Sunday, December 13, 2009

Is God a Mathematician? - Mario Livio

Is God a Mathematician? Is Mathematics the language of the universe? Is it an invention or a discovery? Mario Livio tries to present arguments for and against these questions with chapters from mathematical history, concepts from the umpteen branches of mathematics, anecdotes from the lives of great Mathematicians and verbatim quotes from their journals in a 252-pager thriller. The story-telling in the book is fantastic and I found the latter half of the book particularly gripping. A note of trivia about the author - Mario Livio is the same author who wrote about the "golden ratio", a book and the ratio that got a mention in Dan Brown's Da Vinci Code.

The first half of the book presents the mathematical views of the ancient world like the Pythagorean mathematicians and the works of Euclid and Plato. He talks about the Tetraktys and Gnomons, tools developed by the Pythagorean mathematicians that proved certain theorems by inspection. Mario Livio then dwells into the 4 people whom he considers as the giants in Mathematical progress, in chronological order, giving historical insights into their lives and work. The author talks about Archimedes, who quoted “Give me a place to stand, and I will move the Earth”, for his genius in designing pulley-based contraptions, his work on displacements of liquids and his work on finding volumes of 3-d objects in an age where integral calculus was not known. He then moves to Galileo and his work on the acceleration of falling bodies, his evangelism of astronomy and the invention of the telescope. Then on the work of Rene Descartes, that led to the unification of algebra and geometry with concepts what we call as "Analytical Geometry", a breakthrough in math that made the very foundations of geometry stronger and provable. The fourth great one is of course Newton, for his work on gravity that changed not only the perspective of how we view the falling apple but also it changed the way we looks at the solar system and the universe. As a by product, Newton independently gave us calculus along with Leibniz. Mario Livio goes to exhibit the platonic view these mathematical giants had almost convincing the reader that Math had to be a discovery rather than an invention. But hold on, now there is a twist to this tale.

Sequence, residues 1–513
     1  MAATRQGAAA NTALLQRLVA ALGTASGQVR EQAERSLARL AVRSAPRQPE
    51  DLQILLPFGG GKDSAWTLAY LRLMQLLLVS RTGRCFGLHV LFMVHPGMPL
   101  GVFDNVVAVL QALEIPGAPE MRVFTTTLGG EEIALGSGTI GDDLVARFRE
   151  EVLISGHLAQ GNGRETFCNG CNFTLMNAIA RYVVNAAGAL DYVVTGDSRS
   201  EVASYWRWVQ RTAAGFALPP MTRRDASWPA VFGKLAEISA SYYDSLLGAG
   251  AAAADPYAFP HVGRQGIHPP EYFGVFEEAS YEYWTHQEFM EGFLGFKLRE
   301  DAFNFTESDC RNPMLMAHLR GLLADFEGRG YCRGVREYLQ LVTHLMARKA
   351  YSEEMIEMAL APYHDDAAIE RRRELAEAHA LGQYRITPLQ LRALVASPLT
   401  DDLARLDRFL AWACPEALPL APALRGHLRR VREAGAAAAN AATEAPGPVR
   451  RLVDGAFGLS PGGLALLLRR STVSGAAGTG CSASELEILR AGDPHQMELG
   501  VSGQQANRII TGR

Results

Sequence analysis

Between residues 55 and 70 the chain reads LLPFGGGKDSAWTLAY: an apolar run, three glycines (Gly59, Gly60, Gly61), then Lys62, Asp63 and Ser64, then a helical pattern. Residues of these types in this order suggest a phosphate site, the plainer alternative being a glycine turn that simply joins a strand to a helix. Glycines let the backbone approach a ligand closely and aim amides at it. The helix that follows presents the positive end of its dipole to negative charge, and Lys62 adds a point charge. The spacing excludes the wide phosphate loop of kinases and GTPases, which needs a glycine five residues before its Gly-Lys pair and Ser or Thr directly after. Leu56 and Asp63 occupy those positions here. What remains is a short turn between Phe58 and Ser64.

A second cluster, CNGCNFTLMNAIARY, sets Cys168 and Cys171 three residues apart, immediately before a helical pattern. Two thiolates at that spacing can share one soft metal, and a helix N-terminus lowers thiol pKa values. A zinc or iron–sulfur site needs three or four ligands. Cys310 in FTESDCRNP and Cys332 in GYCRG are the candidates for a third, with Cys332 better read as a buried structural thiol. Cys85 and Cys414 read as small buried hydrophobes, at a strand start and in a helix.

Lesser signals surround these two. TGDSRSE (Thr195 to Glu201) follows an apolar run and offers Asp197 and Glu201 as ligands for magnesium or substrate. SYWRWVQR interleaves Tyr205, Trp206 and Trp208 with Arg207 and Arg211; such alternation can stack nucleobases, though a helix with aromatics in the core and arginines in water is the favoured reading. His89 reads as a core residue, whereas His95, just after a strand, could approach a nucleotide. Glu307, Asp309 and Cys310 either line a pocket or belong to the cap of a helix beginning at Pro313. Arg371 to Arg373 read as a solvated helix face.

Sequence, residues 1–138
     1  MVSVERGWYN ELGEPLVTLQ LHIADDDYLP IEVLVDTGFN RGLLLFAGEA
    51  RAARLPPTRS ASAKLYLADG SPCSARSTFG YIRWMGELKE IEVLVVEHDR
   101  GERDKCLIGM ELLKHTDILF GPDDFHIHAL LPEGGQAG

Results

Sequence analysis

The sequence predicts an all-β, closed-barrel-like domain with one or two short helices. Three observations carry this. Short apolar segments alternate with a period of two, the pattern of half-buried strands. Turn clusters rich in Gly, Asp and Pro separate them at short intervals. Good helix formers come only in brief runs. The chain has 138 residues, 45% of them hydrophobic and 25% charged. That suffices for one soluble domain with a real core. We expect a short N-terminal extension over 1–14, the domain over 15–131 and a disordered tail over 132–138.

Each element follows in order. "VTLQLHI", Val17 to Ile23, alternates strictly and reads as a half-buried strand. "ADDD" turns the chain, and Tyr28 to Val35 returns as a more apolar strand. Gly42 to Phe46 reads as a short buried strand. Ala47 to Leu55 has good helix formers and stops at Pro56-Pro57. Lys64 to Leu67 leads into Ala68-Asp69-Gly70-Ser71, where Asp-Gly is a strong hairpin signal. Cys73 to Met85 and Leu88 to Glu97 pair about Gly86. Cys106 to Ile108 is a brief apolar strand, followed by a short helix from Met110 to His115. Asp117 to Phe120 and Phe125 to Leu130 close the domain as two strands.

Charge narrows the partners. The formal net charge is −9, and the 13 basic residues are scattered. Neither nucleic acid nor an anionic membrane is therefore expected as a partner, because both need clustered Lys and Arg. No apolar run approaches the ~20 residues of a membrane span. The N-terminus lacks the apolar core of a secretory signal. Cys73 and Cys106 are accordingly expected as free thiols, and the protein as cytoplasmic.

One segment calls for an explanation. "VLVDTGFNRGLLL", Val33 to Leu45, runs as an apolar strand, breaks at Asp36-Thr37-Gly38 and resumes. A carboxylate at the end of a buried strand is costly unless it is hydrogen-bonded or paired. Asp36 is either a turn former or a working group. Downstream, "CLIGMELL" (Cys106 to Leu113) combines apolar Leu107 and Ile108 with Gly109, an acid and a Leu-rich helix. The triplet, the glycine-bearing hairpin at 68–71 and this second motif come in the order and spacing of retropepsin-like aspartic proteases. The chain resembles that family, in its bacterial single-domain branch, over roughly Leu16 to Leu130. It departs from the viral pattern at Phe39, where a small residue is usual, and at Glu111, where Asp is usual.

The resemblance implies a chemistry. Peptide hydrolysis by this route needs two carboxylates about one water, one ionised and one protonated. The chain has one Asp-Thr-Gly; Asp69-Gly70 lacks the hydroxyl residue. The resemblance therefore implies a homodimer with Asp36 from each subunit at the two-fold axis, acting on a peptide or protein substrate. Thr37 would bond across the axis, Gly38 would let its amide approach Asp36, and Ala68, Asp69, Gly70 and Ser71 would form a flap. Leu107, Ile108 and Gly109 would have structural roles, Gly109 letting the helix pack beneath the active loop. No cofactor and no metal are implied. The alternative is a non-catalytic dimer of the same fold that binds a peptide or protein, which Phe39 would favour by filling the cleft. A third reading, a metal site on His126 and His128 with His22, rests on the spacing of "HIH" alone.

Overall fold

Till this time in history, Euclidean geometry was considered the ultimate truth and the perceived universe seemed to be behaving consistently with these postulates. Euclid's 5th postulate, the parallel postulate, was taken for granted till geometries of curved surfaces came into existence. Curved surfaces posed a new difficulty, it put Euclidean geometry in a fix as it did not behave consistently with the Euclidean postulates. These new-Euclidean surfaces and geometries gave way in the belief that after all Math is an invention, a figment of human thought. Mario Livio goes into the lesser known mathematicians of the non-Euclidean geometries and mentions names like Gauss and Riemann and skims through their work, the latter's geometry forming the building block for Einstein's theories in the future.

The author moves onto Logic and Mathematics, their relationship, discussing the works of George Boole (Boolean algebra), Bertrand Russell (Russell's paradox) and Kurt Godel (Incompleteness theorem) among others. He briefly writes about Godel's "Incompleteness theorem", another shock that rocked the Platonists. Godel showed that any formal system that is powerful enough to be of any interest is inherently either incomplete or inconsistent.

The last few chapters talk about some examples that show the difference between "active" and "passive" applications of Mathematics. Mario Livio covers Knot theory, a mathematical theory that was studied ages before it's application was found, in decoding DNA knots and strands (passive application). He gives a brief description of string theory too in this context. The theories of relativity - special and general are also discussed and their applications in adjusting clocks onboard satellites is given. The author then discusses the opinion of cognitive scientists on the same, which is mostly that Mathematics is an invention of the human intellect. Mario Livio concludes with the answer "it depends", there is math that occurs in nature whose characteristics we have conceptualized in our minds and there is math that purely occurs as thought.

Overall, an interesting read that showcases mathematics - invented or discovered. The book concludes with a paragraph from Bertrand Russell's essay The Problems of Philosophy -
Philosophy is to be studied, not for the sake of any definite answers to its questions since no definite answers can, as a rule, be known to be true, but rather for the sake of the questions themselves; because these questions enlarge our conception of what is possible, enrich our intellectual imagination and diminish the dogmatic assurance which closes the mind against speculation; but above all because, through the greatness of the universe which philosophy contemplates, the mind also is rendered great, and becomes capable of that union with the universe which constitutes its highest good.